The prospect of a major entitlement expansion when Medicare is in financial trouble, and from a conservative administration, further angered conservative budget cutters and deficit hawks.

Prominent talk-radio hosts such as Rush Limbaugh and Sean Hannity are among those who have been most critical. And the fact that the legislation is backed by many of the Democrats’ most liberal lawmakers, including Sen. Edward M. Kennedy of Massachusetts, intensified their anger.

“Republicans are rushing through a skeleton of reform in the hope that it will work. They may believe they can make good politics out of bad policy, but in the long run it may come back to haunt them,” the Wall Street Journal editorialized last week.

But leaders of other large grass-roots groups say the intense opposition from the think tanks is not being felt that much at the Republicans’ political base.

“Are there concerns that there are large costs downstream? Sure,” said Bruce Josten, chief lobbyist for the U.S. Chamber of Commerce. “But near term I don’t think there is a downside” for Mr. Bush.

“This will not fully kick in until 2006. If you are going to have exploding costs, they are way down the road, probably long after Mr. Bush has left the presidency,” Mr. Josten said.

Before then, Mr. Josten predicted, Congress will revisit the issue and add increased market competition to Medicare to bring costs down and achieve additional savings.

This is the strategy that the administration says it intends to pursue.

“There is still work to do. The intent is to get market-based reform in the bill, but we know we won’t get everything we want,” a Bush health care adviser said last week at a White House background briefing with reporters. “We assume we will need to come back and change [the program].”

Whatever plan Congress approves will substantially expand the costs of Medicare, which now has a $13 trillion unfunded liability, the adviser said. The American Enterprise Institute estimates the bills could raise long-term costs by another $8 trillion.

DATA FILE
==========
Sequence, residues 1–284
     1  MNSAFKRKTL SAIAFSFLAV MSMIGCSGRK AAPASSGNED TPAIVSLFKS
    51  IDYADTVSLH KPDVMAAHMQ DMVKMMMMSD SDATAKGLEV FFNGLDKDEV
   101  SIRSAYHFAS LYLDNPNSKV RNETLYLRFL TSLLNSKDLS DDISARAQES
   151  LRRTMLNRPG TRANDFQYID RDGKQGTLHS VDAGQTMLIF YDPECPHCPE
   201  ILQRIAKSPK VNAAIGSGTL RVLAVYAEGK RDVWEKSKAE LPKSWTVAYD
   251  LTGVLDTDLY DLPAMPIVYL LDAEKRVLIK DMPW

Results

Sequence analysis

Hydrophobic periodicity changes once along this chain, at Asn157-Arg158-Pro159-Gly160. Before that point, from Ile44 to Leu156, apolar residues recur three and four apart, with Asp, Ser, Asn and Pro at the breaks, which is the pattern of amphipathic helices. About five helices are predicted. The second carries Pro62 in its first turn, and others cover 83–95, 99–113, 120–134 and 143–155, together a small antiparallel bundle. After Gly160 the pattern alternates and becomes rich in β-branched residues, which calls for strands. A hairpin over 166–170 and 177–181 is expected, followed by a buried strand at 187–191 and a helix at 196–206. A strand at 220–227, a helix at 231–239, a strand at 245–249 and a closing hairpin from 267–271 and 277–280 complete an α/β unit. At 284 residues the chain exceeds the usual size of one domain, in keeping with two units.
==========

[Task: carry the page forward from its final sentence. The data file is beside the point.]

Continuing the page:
Administration officials argue that enacting a prescription drug benefit will be popular with senior citizens. The White House expects the legislation will rob Democrats of one of their biggest campaign issues next year.

“This will wipe the prescription drug issue off the radar screen,” a Republican campaign official said, on the condition of anonymity.

But a recent survey by pollster John Zogby for the Galen Institute suggests the elderly may not be as supportive of the pending reforms as the administration thinks.

Among its key findings: 74 percent said the prescription drug coverage would not be as good as the plans they have and 66 percent worried that they could lose private health care coverage. Also, 78 percent said it was very or somewhat likely that “if the government gets into the business of providing prescription drug benefits for Medicare … the government would eventually control what drugs are produced and developed.”

This article is based in part on wire service reports.

Copyright © 2018 The Washington Times, LLC. Click here for reprint permission.